Minister of Health Nandi Glassie criticised the opposition’s decision to oppose the second reading of the bill, making reference to Standing Orders 230 and 231.
Standing Order 230 which is on the second reading of the bill states, “On a motion being made and seconded for the second reading of a bill the Speaker shall propose the question, ‘That the bill be now read a second time’, and a debate may arise covering the principles and general merits of the bill.”
Standing order 231, which is on the amendment to “negative” the bill on second reading says, “On the second reading of a bill, an amendment may be proposed to the question, ‘That the bill be now read a second time’, by omitting the word ‘now’ and adding the words ‘upon this day six months’, and no amendment may be moved to this amendment, and if the amendment is carried the second reading of the Bill shall be considered to have been negative.”
Based on those orders, Glassie said he could not comprehend why members of the opposition opposed the second reading of the bill.Leader of Opposition Teina Bishop raised a point of order clarifying the opposition’s stand, saying they were dealing with a bill which the members of the opposition, “never get to see until the financial statement is over.” Glassie also pointed out the opposition’s claim on what was before the House involved estimates and not actuals, adding Standing Order 304 clearly stated the “the estimates of expenditure and the Appropriation Bill shall be introduced in to parliament on or before the fifteenth day of November in each year.”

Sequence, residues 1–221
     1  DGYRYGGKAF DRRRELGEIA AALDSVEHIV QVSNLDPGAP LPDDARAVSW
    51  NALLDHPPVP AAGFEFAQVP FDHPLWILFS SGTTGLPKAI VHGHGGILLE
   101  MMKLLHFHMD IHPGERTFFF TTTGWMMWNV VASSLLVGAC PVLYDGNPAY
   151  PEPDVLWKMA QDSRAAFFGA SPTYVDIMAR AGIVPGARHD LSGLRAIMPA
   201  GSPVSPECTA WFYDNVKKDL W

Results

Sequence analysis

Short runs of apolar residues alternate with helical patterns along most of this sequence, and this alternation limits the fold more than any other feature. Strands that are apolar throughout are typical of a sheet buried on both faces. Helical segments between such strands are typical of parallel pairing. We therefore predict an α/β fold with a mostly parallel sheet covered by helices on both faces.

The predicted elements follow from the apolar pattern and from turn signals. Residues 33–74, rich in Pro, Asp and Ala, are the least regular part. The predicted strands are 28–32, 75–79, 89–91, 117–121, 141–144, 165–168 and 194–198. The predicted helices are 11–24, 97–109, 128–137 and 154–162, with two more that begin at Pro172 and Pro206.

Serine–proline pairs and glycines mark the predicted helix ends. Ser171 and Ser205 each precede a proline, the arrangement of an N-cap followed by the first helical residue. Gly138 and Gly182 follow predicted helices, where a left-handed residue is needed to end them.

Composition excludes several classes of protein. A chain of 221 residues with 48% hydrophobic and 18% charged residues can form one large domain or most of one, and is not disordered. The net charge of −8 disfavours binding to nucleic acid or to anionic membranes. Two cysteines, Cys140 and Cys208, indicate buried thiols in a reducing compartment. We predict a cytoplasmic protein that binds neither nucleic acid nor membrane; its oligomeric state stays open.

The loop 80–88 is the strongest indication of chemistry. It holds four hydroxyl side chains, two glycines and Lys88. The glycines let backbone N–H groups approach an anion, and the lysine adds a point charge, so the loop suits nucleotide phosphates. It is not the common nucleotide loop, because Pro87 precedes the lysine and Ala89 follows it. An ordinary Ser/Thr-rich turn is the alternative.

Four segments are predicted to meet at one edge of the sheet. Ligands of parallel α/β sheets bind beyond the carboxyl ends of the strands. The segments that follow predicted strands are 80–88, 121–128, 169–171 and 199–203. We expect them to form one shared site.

However, Bishop pointed out Standing Order 305, which states the Appropriation Bill shall contain estimated financial requirements for expenditure on the revenue account for all the services of government for the financial year.
“And the financial year that this House appointed in the last budget is the 30th of June and we are not even there yet. That’s our basis of the objection because we haven’t got to the end of the financial year to satisfy 305.”
Bishop asked Glassie to get on with the principle and the merit of the bill instead of arguing with the standing orders.
Glassie said the standing orders were the doorway to move into the principal and merit of the bill.
“It is very well for the leader of opposition and other members to start confusing on the issue of procedures in parliament but as someone who has sat in this House for the last 10 years and someone who has observed the standing orders and procedures, these procedures need to be raised so that we can share the wisdom with our young parliamentarian.
“Let’s face it, you cannot apply practice from the private sector to public affairs because the private sector focuses on maximising profits, while the public sector focuses on quality of service. And in order to reflect that quality of service, we need to have a fair and responsible budget. Therefore, I find it very difficult for the opposition to see weaknesses in such a comprehensive budget that serves the need of all government departments.”